Overall: There is much to like about young Mr. Starling, but it should be noted that he will only be 21 this August and is a long way from fulfilling his potential. The talent is there, but it is definitely raw and will take much time and effort before it is fully realized. If he were a September call-up by 2014, I would be flabbergasted. He probably won’t make his first ML appearance before 2016, just after his 24th birthday. I can see him becoming a 20 HR/20 SB guy with little effort; as a full-time player this is probably his floor. His ceiling is far above that, as he could possibly hit 30+ bombs every year in The Bigs. Strikeouts are a major problem right now, and his pitch recognition will go a long, long way toward determining how quickly and how far he goes. Even if absolutely nothing went right for him at ALL, he’d still make it to the majors as a great bench player. Bubba will need to keep a proper perspective as he advances, as the fame which accompanies a player of his stature will increase exponentially as he advances. With respect to Starling, this may also prove to be a significant challenge for him. It is not, however, one which he cannot handle; that particular one is completely up to him.

Topics: Bubba Starling, Kansas City Royals, Lexington Legends, South Atlantic League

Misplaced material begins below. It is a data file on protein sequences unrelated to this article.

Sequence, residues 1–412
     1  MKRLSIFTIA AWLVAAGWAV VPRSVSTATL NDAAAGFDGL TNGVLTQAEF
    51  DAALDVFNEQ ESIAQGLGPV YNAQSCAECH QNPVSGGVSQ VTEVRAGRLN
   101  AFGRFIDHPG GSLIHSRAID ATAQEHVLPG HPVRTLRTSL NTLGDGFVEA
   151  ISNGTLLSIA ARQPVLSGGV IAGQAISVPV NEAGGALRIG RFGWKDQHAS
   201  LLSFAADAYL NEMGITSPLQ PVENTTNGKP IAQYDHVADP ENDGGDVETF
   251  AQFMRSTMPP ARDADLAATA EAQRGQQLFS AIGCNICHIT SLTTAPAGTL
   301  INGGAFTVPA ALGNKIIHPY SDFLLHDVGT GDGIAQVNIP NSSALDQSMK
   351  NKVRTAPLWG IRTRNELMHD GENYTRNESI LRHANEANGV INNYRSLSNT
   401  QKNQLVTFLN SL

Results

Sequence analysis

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  • jimfetterolf

    You make Starling sound like the young Frenchy, similar size even.

  • C Riddle

    Well, he’s sort of like that. I think a lot of what he’ll do comes down to how well he can translate that hitting talent to the pro game. He’s got tons going for him as a base runner, fielder, etc., and the bat will come along. He lost practically 2 months to poor night vision and subsequently had LASIK ( I believe ), and now he’s picking up a bit. I expect him to be faster in the field than Frenchy was, with perhaps the same arm in the OF. In center, his arm is easily plus-plus; if he gets moved to left or right, his arm is still an easy plus, regardless. So there’s that. A lot of what I see in terms of negatives has to do with intangibles. I don’t want to trash this kid, because he’s got a lot of pressure on him, but he’s got to keep a lid on his frustrations or learn to channel them into something positive. It’s not a huge problem, but it’s noticeable. He’s going to take time, that’s for sure. But I like his ceiling, even if he doesn’t fulfill every bit of his potential.